Articles Posted in Dram Shop and Intoxicated Drivers

A woman injured in an alleged Indiana drunk driving accident this month won her appeal seeking pursuit of punitive damages against the defendant. The Indiana Court of Appeals reversed the trial court’s grant of summary judgment to the defendant. The ruling is a victory for victims of Indiana drunk drivers in once again affirming the well-established view of courts in Indiana (going at least as far back as the Indiana Supreme Court’s 1985 ruling in Williams v. Crist) about the egregious wrong one does in taking the wheel while drunk. In that case nearly 35 years ago, the state high court held unequivocally: A person guilty of impaired driving is automatically guilty of the “willful and wanton misconduct” requirement necessary to to seek punitive damages in an Indiana injury lawsuit.

Why Punitive Damages in Indiana Drunk Driving Claims Matter

If you suffer injury and/or other losses because of somebody else’s negligence, there are two general kinds of damages you can pursue. The first, compensatory damages, applies in every case and the goal is monetary compensation that aims to “make the plaintiff whole.”

Of course, our Munster drunk driving injury lawyers know that there really is nothing – no amount of money – that can achieve that goal. There is absolutely no price tag on catastrophic injuries or death, and those affected would give back every dime if it meant they could regain what they lost. Still, the goal of compensatory damages is all about what a plaintiff has lost and what can be offered to help them heal to the fullest extent possible. The amount is supposed to be calculated in a way that equitably compensates a person, sometimes dollar-for-dollar (i.e., medical bills), but other times for intangible losses like pain and suffering and loss of consortium.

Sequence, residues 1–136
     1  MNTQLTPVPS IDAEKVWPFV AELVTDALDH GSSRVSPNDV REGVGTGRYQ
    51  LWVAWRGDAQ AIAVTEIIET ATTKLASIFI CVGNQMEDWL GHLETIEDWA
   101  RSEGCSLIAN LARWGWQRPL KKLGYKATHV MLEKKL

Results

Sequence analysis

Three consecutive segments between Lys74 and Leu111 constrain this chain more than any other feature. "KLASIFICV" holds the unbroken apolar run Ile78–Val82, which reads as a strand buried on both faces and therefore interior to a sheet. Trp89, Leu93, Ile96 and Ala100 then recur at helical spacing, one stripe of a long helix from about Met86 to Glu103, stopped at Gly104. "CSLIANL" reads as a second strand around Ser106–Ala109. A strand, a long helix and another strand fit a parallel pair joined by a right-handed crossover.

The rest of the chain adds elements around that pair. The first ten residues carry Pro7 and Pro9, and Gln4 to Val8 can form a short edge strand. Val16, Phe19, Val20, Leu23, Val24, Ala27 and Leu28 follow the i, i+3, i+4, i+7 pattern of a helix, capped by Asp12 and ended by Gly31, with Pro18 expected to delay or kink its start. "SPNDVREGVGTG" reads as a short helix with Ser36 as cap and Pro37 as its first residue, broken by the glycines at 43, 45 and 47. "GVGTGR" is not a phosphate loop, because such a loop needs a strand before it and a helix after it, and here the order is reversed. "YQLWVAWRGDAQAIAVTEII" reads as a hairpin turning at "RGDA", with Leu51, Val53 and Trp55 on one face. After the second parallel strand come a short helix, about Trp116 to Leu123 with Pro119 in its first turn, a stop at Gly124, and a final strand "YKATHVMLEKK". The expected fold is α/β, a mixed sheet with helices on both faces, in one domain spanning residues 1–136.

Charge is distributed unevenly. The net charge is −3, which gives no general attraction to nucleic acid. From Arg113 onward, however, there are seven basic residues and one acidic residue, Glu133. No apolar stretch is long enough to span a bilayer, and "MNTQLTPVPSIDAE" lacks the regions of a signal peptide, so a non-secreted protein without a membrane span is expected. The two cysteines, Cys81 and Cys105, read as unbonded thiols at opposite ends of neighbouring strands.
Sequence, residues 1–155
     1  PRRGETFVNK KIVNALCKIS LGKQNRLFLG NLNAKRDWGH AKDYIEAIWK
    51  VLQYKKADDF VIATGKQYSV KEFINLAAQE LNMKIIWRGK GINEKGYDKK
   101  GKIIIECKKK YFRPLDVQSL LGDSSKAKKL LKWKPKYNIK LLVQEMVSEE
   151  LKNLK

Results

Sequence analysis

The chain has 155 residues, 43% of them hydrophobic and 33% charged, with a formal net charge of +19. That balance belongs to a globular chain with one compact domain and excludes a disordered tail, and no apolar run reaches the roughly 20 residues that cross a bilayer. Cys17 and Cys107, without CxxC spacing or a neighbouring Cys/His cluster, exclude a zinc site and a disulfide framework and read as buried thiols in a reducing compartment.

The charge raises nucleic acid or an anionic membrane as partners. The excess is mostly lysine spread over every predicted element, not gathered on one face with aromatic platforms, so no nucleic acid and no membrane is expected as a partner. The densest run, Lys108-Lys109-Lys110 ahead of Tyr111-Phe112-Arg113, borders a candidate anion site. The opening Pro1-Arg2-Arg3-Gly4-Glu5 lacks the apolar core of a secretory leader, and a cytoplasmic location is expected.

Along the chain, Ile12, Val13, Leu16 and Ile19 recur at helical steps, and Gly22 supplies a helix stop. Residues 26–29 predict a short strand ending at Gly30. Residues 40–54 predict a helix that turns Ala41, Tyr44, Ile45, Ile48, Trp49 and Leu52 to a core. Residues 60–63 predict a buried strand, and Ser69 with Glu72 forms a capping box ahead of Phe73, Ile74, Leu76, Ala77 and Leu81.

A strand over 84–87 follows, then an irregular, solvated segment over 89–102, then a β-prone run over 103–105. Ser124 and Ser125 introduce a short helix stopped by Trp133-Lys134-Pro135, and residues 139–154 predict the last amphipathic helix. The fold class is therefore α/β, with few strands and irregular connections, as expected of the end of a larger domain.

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The parents of a teen killed in a drunk driving accident in Muncie have filed a wrongful death lawsuit against the motorist accused of killing him. The negligence lawsuit comes little more than a year after the defendant was convicted of driving while intoxicated causing death and driving while intoxicated causing serious bodily injury. The 25-year-old defendant is now serving eight years in prison.

This case underscores the options drunk driving victims have to seek compensation for a serious injury or death caused by these actions. That’s because drunk driving, in addition to being a form of negligence, is also a crime. Still, the criminal trial is completely separate and apart from the civil case. There is a separate standard for the burden of proof, and the outcome of one case won’t necessarily affect the outcome of the other.

Furthermore, our Highland injury lawyers can explain Indiana’s liquor liability laws are such that you may be able to hold accountable the bar or restaurant that served that drunken driver, as well as the driver and potentially the owner of the vehicle.

The estate of an Indiana man who died following a fistfight at a house party won a partial victory before the Indiana Supreme Court recently, paving the way for at least one wrongful death claim to proceed to trial. 

In Rogers v. Martin, the plaintiff alleged the defendant, who co-hosted a house party at which alcohol was served, breached her landowner-invitee duty to exercise reasonable care to protect those on her property and also violated the state’s Dram Shop Act, resulting in harm to another person.

This case highlights the duty of care party hosts owe to their guests, which is an important consideration especially as we’re nearing the holidays, when there tends to be an increase in large gatherings.

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A few years back, I wrote a blog article entitled Negligent Party Hosts in Indiana May Face Liability. The article provided some general rules and suggestions concerning possible liability issues for people who have parties during the holiday season.

A recent Indiana decision, F. John Rogers, as Personal Representative of Paul Michalik, Deceased, and R. David Boyer, Trustee of the Bankruptcy Estate of Jerry Lee Chambers v. Angela Martin and Brian Paul Brothers, 02A05-1506-CT 520 increases the potential for liability and the responsibilities for a party host.

In that case, the land possessors, defendants Martin and Brothers shared a residence.  They threw a party and alcohol was purchased using funds from a joint bank account.  Jerry Lee Chambers was a guest at the party.